11Mussolini’s Rise to Power Italian soldier during WWIAngered over the peace settlement (wanted Italy to gain more land)Founded Fascist PartyGlorification of the militaryExtreme nationalismFascists gained in popularity during the economic and political crises of the early 1920s1922 March on Rome—Mussolini made Prime MinisterGradually Mussolini rolled back civil rights and freedoms and built a totalitarian dictatorship
12Hitler’s Rise to Power National Socialist German Workers (Nazi) Party Founded by former WWI soldiers in Germany (Hitler was a WWI veteran)Incredibly nationalistic, racistHitler joined soon became leader of the Nazi PartyBeer Hall Putsch 1923Hitler tried to recreate Mussolini’s march on Rome in GermanyDefeated by the police, arrested, sent to jailIn prison wrote Mein Kampf (My Struggle) outlined goals of the Nazi partyObscurity for the Nazi partyRise to Power due to Great Depression1933-Nazis won the most votes in parliamentary elections, Hitler becomes ChancellorReichstag Fire, Nazis blame communists, use the fire as an excuse to pass laws (Enabling Acts) that give Hitler dictatorial powers, infringe upon personal rights and freedoms of German citizens
13Origins of World War II in Europe and Asia Big Questions:What were the chain of events that led to the outbreak of WWII?What could/should the democracies of the world (US, UK, France) have done to prevent Nazi Germany and Japan’s rise to power and the outbreak of WWII?Should democracies like the US be willing to get involved and even fight a war to help protect other democracies around the world?
14Spanish Civil War: One Less Democracy in Europe Spain was a democratic republic—very weak and unstableSpanish Republic was dominated by very radical groups (socialists, communists, etc.)More conservative groups didn’t like this (Catholic Church, military, business owners, etc.)1936 war broke out, supporters of the Republic (Loyalists) vs. opponents of the Republic (Nationalists or Fascists) led by General Francisco FrancoOther fascist countries (Germany, Italy) sent soldiers, money, equipment to help the Spanish fascistsSoviet Union sent money and supplies to help the LoyalistsDemocratic countries (US, France, Britain) and the League of Nations did nothing to support the Spanish Republican government1939—Fascists won the war, Spanish Republic disbanded, Franco established a dictatorship in Spain, friendly to Hitler and MussoliniShould the US, Britain, and France have done more to help out another democracy?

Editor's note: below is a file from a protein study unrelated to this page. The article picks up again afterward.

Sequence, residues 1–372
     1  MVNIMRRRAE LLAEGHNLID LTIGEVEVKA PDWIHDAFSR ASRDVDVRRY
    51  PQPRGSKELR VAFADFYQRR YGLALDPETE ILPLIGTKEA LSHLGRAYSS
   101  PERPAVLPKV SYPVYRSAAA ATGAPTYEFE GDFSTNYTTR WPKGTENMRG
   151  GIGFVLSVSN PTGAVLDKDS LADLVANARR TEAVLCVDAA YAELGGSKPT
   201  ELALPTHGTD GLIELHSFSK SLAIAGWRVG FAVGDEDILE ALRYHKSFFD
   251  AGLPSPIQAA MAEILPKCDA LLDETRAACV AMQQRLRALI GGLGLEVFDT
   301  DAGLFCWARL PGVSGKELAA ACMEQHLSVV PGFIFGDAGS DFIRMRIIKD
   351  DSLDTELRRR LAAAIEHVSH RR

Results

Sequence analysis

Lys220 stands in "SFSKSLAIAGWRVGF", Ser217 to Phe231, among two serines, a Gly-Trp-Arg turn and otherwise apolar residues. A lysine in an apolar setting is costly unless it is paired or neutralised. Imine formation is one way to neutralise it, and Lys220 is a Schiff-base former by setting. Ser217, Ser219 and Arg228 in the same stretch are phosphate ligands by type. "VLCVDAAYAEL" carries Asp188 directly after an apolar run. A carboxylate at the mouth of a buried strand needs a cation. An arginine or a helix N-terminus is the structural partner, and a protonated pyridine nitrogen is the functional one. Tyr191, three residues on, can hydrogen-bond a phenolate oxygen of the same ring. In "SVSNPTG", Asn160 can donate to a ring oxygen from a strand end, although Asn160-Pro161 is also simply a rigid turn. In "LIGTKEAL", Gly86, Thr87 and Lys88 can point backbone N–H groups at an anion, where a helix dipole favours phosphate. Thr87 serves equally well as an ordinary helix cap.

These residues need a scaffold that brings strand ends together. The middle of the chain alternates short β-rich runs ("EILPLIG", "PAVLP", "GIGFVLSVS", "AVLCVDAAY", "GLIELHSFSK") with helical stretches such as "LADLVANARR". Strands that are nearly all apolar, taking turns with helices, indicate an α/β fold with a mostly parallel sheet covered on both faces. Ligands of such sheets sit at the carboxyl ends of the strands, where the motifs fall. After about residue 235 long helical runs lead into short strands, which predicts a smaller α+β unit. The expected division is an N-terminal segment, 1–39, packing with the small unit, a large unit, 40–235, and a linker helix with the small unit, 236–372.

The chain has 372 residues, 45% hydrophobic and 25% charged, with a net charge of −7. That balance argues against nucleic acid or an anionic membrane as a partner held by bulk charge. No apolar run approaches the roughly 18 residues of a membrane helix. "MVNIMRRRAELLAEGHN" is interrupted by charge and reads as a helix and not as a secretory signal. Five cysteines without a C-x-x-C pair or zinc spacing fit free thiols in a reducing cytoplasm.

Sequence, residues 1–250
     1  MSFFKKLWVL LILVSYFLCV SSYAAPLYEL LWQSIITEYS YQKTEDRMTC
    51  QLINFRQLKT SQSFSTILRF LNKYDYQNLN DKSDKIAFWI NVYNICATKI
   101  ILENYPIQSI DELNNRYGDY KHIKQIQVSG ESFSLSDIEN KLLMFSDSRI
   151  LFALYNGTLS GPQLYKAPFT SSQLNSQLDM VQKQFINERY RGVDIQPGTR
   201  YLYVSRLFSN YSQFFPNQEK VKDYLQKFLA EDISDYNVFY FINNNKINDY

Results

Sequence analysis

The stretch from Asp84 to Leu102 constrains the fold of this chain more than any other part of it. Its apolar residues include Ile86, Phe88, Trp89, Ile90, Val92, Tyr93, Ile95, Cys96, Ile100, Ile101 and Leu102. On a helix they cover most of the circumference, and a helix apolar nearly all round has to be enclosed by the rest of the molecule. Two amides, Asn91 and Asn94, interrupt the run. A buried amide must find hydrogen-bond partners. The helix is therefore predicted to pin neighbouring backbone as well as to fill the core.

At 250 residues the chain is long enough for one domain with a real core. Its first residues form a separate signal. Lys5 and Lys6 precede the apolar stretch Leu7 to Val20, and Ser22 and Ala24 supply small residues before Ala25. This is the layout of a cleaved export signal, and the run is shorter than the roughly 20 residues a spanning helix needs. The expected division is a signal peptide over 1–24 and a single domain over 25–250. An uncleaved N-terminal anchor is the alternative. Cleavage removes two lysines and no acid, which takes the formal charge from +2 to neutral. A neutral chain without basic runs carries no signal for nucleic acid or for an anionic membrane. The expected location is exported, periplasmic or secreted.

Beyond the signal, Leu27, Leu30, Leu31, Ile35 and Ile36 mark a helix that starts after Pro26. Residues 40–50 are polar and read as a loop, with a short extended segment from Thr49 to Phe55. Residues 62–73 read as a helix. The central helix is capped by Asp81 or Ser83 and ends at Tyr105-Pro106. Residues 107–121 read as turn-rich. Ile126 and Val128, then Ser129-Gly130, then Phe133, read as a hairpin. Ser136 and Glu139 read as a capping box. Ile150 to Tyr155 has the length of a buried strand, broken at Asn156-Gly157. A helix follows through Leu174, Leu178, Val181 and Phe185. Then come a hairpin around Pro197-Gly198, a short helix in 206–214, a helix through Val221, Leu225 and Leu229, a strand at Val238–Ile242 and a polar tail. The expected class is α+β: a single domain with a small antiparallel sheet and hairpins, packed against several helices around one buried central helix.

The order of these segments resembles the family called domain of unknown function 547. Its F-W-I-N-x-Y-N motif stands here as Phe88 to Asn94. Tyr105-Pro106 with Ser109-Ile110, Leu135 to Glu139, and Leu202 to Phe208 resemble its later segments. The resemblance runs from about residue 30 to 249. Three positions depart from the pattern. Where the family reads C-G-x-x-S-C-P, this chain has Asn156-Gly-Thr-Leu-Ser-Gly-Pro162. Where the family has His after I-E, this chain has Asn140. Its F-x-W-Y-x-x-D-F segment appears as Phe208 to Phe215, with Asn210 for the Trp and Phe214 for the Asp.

15For Whom The Bell Tolls John Donne 1571-1632 No man is an island Entire of itself. Each is a piece of the continent, A part of the main. If a clod be washed away by the sea, Europe is the less. As well as if a promontory were. As well as if a manor of thine own Or of thine friend’s were. Each man’s death diminishes me, For I am involved in mankind. Therefore, send not to know For whom the bell tolls, It tolls for thee.
16Origins of WWII in Europe: Nazi Aggression – Hitler begins to rearm/rebuild the German military in violation of the Versailles Treaty1935 – Hitler sends his military into the Rhineland—violation of the Versailles Treaty1937 – Hitler takes over Austria, makes it part of Germany (Anschluss)— violation of the Versailles Treaty1938 – Hitler demands part of neighboring Czechoslovakia where lots of Germans live (the Sudetenland) threatens to go to warMunich Conference, appeasement – France, Britain give in1938 – Hitler occupies the Sudetenland1938 – Hitler takes over the rest of Czechoslovakia (violates Munich agreement)1939 – Hitler demands part of Poland where lots of Germans live (Polish Corridor) threatens warBritain and France don’t give inHitler invades Poland, September 1939 – War World II beginsShould the US, Britain, and France done something to help Austria, Czechoslovakia?
19Origins of WWII: Japanese Expansion in Asia 1931-Mukden Incident—Japanese took control of Manchuria1937-Japan declares war on China1940-Japan begins to seize control of French Colonies in Indochina (modern day Vietnam)US orders Japan to leave Indochina, places a trade embargo on Japan, no oil no scrap ironJapan’s choices1-leave Indochina2-stay in Indochina but stop fighting in China and other places3-stay in Indochina, keep fighting, find a new source for raw materials (Indonesia, Malaysia, etc.)Japanese realized that invading Indonesia would inevitably lead the US to declare war, wanted to get in the first strike, Pearl HarborDec 1941—Japan launches surprise attack on US Fleet in Pearl Harbor1941—US enters WWII declares war on Japan, Germany and Italy declare war on US